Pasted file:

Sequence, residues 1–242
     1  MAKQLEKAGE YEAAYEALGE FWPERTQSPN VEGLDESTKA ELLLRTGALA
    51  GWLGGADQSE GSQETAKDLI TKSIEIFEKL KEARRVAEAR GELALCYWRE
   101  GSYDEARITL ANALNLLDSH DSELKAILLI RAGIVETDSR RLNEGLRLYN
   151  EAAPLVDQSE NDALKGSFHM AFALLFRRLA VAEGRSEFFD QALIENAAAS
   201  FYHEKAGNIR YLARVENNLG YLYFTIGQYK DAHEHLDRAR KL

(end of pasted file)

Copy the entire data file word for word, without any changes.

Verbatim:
Sequence, residues 1–242
     1  MAKQLEKAGE YEAAYEALGE FWPERTQSPN VEGLDESTKA ELLLRTGALA
    51  GWLGGADQSE GSQETAKDLI TKSIEIFEKL KEARRVAEAR GELALCYWRE
   101  GSYDEARITL ANALNLLDSH DSELKAILLI RAGIVETDSR RLNEGLRLYN
   151  EAAPLVDQSE NDALKGSFHM AFALLFRRLA VAEGRSEFFD QALIENAAAS
   201  FYHEKAGNIR YLARVENNLG YLYFTIGQYK DAHEHLDRAR KL